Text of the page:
The pointy haired man exists!

So you may have already heard about (or seen) this impossibly pointy haired man shaping his hairstyle in the MTR, and the way he did so with the exaggerated movements seemed so ridiculous that I was pretty sure he wasn’t real (ie. that it was a prank of some sort).

But lo and behold, while I was in the 24-hour Wellcome’s cookie aisle last night, I saw Mr. Pointy Hair himself next to me checking out the cracker options.

I couldn’t help but get excited at the sight of him and the pyramid of hair that sat on top of his head. Stiff and full of gel or hairspray, or both.

He seemed to notice the stares (as he kept looking at me), probably because I kept glancing at him too. And something told me that he must know that he’s become somewhat of an internet sensation, because he seemed to welcome the attention as he walked through the aisles.

Unfortunately, the video of him that used to exist on Facebook has been taken down…so you’ll just have to take my word for it that he exists!

Barcode men

Question: What do you call men with combovers in Thailand?

(…)

A barcode!! 
Now why didn’t I think of that… (thanks to my colleague in Thailand who enlightened me). Apparently it’s a term first coined by the Japanese, who refer to men with combovers as ‘barcode dudes’. Love it!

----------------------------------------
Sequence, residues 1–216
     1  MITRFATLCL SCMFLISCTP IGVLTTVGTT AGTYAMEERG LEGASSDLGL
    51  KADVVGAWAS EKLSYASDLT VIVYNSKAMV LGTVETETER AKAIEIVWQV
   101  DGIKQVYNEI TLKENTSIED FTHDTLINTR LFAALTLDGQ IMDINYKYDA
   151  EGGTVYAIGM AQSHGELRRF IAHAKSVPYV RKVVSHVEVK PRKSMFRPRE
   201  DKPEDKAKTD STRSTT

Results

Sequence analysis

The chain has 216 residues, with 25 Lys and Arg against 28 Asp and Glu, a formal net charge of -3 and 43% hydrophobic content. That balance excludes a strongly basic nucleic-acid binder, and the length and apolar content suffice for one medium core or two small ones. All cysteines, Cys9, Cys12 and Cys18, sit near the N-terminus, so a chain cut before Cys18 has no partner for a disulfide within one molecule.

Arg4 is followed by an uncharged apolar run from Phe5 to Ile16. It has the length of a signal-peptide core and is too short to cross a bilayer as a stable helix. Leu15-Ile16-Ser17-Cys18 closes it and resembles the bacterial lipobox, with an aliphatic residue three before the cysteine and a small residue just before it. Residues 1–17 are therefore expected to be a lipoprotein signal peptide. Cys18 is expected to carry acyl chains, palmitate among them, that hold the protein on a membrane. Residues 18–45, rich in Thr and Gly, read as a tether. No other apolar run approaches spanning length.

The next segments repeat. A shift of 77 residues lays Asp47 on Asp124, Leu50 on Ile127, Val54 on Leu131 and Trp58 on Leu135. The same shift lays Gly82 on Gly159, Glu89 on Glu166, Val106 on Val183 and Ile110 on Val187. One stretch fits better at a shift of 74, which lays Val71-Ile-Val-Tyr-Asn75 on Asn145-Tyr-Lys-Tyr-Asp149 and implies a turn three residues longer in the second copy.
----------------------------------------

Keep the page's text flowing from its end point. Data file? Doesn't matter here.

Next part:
Canto 101: Ocean skin

In my ongoing quest to become more Chinese, I’m picking up my Canto-learning again, one step at a time. That means listening to more Cantopop on KKBOX (reading lyrics really helps) and taking note of any interesting phrases I come across.

One of them is 海皮 — “hoi pei”, which means sea shore. I first heard it when taxi drivers would ask me if I wanted to go home via the highway or the “hoi pei”, and it’s never not sounded funny to me.

In my head, I just can’t help visualizing it as literally the “ocean skin” since “海” means ocean and “皮” means skin. Am I crazy?? To be fair, “ocean skin” is a super accurate description of the sea shore as the “skin” can be anything from sandy and bumpy to smooth and layered.

To use this word, simply tell your taxi driver, “NO highway, YES hoi-pei!” Other suggestions welcome!

Miss Fong in Hong Kong Xmas Cards

So, besides selling fook-less Xmas tree ornaments at the Handmade HK bazaar last weekend, I also had a small selection of Xmas cards on sale that I designed myself 😀 (no fook there either, sorry lady)!
There are five designs in total:
  • Chinese Santa
  • Frosty in HK
  • Curry Fishmas
  • Rudolph vs. Rudie
  • All I Want for Xmas is… (Dim Sum!)
Thanks to everyone who came by and picked them up! I hope you’re enjoying your cards/ornaments/bow ties/fimo! 🙂
Also big thanks to the people at Asia Society Hong Kong for stocking my cards! They’re now on sale at the gift store right outside the ultra-hip and happening’ AMMO, so be sure to take a peek while you’re on a pee break (the store is in between the restaurant and the restrooms)!
**Update: The Xmas cards are also now stocked at KONZEPP (50 Tung Street, Lower Ground Floor, Sheung Wan)!** Yay! Get ’em while you can! 🙂
UPDATE: Christmas cards are now available on my Etsy page: Miss Fong in Hong Kong

Hong Kong Beggars: Tin Hau Harmonica Elbow Beggar

I haven’t been seeing many beggars around lately, except for the LKF Plastic Bag Lady and possibly the Wanchai Homeless Beggar whom I think I spotted in Lan Kwai Fong the other night.